How a Product’s Life cycle Applies to Reverse Logistics

Are you developing enhanced and practical reverse logistics strategies? Congratulations! Not only are you making a positive move to your company’s bottom line, but you just became a champion for the green movement as well. Whether you realized it or not, issues you address with reverse logistics are all but synonymous with the green industry’s key component – the life cycle of a product. 

What Does Life Cycle Have to do With It?

A life cycle is a fancy term for how long a product functions, from its creation to the end of its usefulness. In a product’s life cycle, the emphasis is usually on production and the forward chain – its construction, the packaging, how it ships (via train, boat, plane, etc.), how far it travels to reach a customer, and how the customer disposes of it after use.  

But if a customer initiates a return, the life cycle suddenly encompasses your reverse supply chain and the issues that come with it – shipping, storage, remanufacture, refurbishment, resale, and waste management.  

Reverse logistics managers care about profit. Waste impacts their margin – the more of it, the higher the loss in overall profit. In truth, that means reverse logistics should be the first thing a manufacturer considers when developing a product.  

Why a Successful Reverse Strategy is Always Green

Ask yourself the same questions customers ask:  

What materials does the product contain? How do those materials impact the earth if they get thrown away? Customers give the environment a lot of thought, even if they don’t know how it powers your reverse strategy.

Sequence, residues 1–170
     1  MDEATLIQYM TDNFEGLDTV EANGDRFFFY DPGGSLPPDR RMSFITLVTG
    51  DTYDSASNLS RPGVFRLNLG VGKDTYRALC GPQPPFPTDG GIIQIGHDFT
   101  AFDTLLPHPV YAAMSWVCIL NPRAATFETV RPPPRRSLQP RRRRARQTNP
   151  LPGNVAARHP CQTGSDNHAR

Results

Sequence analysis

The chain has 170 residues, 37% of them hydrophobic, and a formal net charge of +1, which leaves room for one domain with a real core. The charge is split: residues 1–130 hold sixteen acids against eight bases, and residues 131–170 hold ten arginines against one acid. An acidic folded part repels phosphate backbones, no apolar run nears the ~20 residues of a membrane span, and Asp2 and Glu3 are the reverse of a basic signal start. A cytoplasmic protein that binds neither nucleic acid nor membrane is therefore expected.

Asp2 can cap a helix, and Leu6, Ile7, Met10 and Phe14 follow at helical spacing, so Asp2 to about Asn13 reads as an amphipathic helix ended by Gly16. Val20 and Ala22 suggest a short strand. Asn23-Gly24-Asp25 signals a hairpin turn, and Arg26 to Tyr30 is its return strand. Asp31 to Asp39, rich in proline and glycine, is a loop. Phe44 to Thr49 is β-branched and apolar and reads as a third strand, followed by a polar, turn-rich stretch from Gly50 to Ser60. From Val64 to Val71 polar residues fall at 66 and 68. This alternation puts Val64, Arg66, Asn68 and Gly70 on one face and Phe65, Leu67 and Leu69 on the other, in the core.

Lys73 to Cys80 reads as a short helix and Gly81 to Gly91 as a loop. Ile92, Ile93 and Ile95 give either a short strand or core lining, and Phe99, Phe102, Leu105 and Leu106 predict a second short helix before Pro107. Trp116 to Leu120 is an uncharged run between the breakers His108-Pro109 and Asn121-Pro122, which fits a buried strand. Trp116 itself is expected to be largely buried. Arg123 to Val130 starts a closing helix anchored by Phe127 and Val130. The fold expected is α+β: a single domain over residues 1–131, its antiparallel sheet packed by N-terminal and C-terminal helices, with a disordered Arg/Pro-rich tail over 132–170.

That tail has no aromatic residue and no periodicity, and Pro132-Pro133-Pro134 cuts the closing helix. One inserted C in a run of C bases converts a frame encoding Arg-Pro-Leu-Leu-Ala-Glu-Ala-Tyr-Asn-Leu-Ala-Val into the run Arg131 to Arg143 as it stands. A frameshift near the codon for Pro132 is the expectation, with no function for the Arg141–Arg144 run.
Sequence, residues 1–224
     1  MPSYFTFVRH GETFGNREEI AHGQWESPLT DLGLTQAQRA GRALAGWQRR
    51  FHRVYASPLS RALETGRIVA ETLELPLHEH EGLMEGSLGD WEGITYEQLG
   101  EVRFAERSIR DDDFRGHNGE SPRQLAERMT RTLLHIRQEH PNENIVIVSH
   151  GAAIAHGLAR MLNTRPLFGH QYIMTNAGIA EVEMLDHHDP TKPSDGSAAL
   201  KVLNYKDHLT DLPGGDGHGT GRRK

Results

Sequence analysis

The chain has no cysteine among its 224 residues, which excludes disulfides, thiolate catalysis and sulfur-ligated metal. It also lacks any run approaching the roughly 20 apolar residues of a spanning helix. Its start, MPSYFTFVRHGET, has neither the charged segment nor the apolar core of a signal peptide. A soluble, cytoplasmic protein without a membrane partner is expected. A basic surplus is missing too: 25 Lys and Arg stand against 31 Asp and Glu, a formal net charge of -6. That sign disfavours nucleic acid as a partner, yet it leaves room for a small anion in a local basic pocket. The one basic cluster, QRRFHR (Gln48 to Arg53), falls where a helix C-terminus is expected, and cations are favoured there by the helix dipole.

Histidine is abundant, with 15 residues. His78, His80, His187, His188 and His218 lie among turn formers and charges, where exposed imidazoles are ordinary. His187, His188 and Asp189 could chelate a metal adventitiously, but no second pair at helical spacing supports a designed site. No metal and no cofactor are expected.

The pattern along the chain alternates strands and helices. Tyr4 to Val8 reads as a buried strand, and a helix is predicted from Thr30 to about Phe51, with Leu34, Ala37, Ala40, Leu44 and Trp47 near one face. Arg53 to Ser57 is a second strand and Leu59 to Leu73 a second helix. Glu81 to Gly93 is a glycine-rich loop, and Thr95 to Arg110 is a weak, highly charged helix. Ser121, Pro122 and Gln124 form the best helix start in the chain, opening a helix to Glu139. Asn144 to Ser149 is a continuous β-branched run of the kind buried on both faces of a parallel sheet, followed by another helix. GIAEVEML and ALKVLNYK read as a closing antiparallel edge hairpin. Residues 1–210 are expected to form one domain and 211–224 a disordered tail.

Successful reverse strategies answer all of those questions and more, setting a customer’s mind at ease and buffing your company’s bottom line. When a company employs a reverse strategy that focuses on the planet, it ensures increased profits and environmental responsibility.  

Protecting the environment for future generations is a hot topic in business. Smart companies are looking for ways to reduce their environmental impact – or reverse them if possible. You’re one step ahead because, as you can see, reverse strategies are already part of a broader green approach. 

Reverse logistics and Green are One in the Same

In the green industry, a product’s life cycle is assessed by how it affects the environment. Green solutions will always include ways to keep items from landfills for environmental protection.  

The reverse logistics industry focuses on the end of the life cycle. The handling of a product has the most substantial impact on profits during the return process. Your industry may not care about keeping products out of a landfill for the same reasons as the green industry, but the results are the same.  

Your company will harmonize with the green movement by emphasizing lifecycle – during both the forward and reverse chains. By extending the life cycle of a product, your company will help the planet while saving money in the process. 

Image credit: Kevin Dooley

New call-to-action